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as the production of 3-HP increased considerably in the last few years. Recently, studies reported
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productions of up to 8.10 g/L with the glycerol pathway [1], 3.60 g/L with the malonyl-CoA pathway
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[10], and 0.09 g/L with the β-alanine pathway [11]. However, the AA yields obtained by Tong et al.
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(2016) [2] (0.0377 g/L) and Chu et al. (2015) [1] (0.12 g/L) for the glycerol pathway, and Liu and Liu
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(2016) [7] (0.013 g/L) for the malonyl-CoA pathway, established that this process still needs to be
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optimised to compete with the currently used methods.
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Taking these considerations into account, the main goals of this work are to identify the reactions
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of the known routes for AA production (glycerol, malonyl-CoA, and β-alanine pathways) and to
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determine which pathway have a higher potential for industrial-scale production. E. colis central
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carbon metabolism (CCM) kinetic models will be used to analyse the three pathways using either
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glucose or glycerol as carbon source. Finally, novel optimisation strategies to improve the AA yields
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of the three biosynthetic pathways will also be sought.
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Results and Discussion
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Time Course Simulations
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.CC-BY-NC-ND 4.0 International licenseavailable under a
was not certified by peer review) is the author/funder, who has granted bioRxiv a license to display the preprint in perpetuity. It is made
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5
During the simulations, several issues arose, leading to changes in parameters before the analysis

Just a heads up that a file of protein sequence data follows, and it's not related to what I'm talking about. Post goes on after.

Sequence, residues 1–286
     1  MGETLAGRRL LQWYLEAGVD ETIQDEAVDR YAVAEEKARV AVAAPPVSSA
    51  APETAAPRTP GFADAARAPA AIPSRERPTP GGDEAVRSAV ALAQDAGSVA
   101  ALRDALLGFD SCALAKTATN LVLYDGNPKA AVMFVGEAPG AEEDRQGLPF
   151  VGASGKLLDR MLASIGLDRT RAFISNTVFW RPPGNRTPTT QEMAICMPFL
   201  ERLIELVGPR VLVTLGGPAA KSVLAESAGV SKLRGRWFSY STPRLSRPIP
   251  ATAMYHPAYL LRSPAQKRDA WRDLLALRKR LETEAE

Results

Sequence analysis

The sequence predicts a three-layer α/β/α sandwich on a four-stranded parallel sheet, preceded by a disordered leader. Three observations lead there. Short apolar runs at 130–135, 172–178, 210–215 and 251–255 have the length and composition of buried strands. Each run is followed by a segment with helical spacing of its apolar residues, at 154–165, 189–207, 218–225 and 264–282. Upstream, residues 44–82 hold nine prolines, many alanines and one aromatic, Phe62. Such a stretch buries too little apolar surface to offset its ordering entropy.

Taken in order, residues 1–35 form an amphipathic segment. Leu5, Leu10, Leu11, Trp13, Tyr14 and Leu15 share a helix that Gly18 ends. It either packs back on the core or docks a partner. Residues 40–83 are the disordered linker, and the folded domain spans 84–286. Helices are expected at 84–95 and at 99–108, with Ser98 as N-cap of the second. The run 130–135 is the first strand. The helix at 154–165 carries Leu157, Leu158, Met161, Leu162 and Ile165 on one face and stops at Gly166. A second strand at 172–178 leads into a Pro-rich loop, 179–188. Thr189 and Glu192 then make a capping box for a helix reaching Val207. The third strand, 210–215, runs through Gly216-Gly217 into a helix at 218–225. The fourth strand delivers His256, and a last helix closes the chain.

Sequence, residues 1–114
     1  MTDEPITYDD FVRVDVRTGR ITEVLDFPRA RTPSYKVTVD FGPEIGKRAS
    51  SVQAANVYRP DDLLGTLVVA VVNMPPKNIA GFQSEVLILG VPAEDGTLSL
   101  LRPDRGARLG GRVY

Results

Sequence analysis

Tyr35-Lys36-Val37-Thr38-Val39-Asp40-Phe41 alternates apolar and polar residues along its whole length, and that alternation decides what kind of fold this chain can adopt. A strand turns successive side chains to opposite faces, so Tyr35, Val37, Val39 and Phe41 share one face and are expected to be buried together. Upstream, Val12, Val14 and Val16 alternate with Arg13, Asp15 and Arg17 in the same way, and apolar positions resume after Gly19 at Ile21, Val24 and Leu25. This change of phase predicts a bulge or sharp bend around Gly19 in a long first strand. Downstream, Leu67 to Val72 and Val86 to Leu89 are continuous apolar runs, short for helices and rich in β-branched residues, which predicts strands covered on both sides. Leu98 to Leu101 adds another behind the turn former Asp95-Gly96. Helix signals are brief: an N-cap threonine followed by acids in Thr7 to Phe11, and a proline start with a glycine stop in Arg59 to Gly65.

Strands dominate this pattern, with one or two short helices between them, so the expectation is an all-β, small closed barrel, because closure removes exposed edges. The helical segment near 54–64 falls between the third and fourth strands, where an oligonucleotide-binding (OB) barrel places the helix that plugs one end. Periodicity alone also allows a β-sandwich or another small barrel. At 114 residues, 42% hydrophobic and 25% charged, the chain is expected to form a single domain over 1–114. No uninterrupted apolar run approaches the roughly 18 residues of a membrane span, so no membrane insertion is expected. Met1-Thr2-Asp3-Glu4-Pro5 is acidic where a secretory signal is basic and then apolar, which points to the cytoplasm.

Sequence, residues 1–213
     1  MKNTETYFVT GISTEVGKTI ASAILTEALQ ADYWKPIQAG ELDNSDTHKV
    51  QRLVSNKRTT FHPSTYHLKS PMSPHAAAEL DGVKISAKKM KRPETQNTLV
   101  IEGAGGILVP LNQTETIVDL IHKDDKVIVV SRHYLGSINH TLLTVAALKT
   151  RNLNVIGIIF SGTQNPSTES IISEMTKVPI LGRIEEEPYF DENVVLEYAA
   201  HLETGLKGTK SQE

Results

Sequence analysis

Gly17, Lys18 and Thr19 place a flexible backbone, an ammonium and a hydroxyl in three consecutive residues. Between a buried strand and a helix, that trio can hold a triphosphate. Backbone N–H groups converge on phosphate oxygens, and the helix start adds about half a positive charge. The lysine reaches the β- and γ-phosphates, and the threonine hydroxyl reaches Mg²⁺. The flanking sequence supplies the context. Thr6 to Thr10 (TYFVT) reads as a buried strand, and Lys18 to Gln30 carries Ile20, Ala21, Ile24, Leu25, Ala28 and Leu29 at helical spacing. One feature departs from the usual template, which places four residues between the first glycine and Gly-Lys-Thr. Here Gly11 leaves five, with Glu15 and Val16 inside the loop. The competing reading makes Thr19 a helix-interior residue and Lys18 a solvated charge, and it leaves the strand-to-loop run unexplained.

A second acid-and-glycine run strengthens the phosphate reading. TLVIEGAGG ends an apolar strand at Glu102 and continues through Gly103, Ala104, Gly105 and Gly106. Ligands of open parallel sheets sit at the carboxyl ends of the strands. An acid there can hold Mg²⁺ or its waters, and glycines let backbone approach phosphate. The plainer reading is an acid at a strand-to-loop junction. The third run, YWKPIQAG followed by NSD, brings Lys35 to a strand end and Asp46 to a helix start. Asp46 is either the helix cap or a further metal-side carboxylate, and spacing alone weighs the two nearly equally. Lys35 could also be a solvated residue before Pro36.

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of the 3-HP and AA production. These changes are explained in detail in the S1 Appendix, section 1.1.
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Regarding the production of 3-HP in the glycerol pathway, simulations with models set to use
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either glucose (Glu-Gly) or glycerol as carbon source (Gly-Gly), predicted, the production of 0.19 g/L
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(after three hours), and 8.30 g/L (after six-hours), respectively (Fig 3). Whereas, concerning the
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production of AA, the Glu-Gly and Gly-Gly models predicted 0.16 g/L and 6.71 g/L, respectively (Fig
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4). From these results, glycerol seems to be associated with higher yields, which is in good agreement
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with the available literature [1]. Moreover, regarding the production of AA, the intracellular
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concentration of 3-HP showed that there is no accumulation (Fig 4), meaning that most 3-HP is
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converted into AA. These results are most likely associated with the use of excessive enzyme
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concentration to calculate the V
max
for the heterologous pathway, which led to a state in which the main
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limiting factor in the synthesis of AA was the CCMs flux distribution. However, this is not the case
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in vivo, as the studies that tested the full bio-based pathway show that 3-HP and other intermediates
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indeed accumulate during this process [1,2].
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Fig 2. Simulation results for 3-hydroxypropionate (3-HP) production via the glycerol pathway.
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(A) Glucose (GLCx) consumption and variation of extracellular 3-HP (3-HPx) over time; (B) Glycerol
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(GLYx) consumption and variation of 3-HPx over time.
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Fig 3. Simulation results for acrylic acid (AA) production via the glycerol pathway.
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(A) Glucose (GLC) consumption and variation of extracellular AA (AAx) over time; (B) Variation of
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3-hydroxypropionate (3-HP) concentration over time when using Glucose as carbon source; (C)
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Glycerol (GLYx) consumption and variation of extracellular AAx over time; (D) Variation of 3-HP
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concentration over time when using Glycerol as carbon source.
111
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was not certified by peer review) is the author/funder, who has granted bioRxiv a license to display the preprint in perpetuity. It is made
The copyright holder for this preprint (whichthis version posted July 14, 2020. ; https://doi.org/10.1101/2020.05.13.093294doi: bioRxiv preprint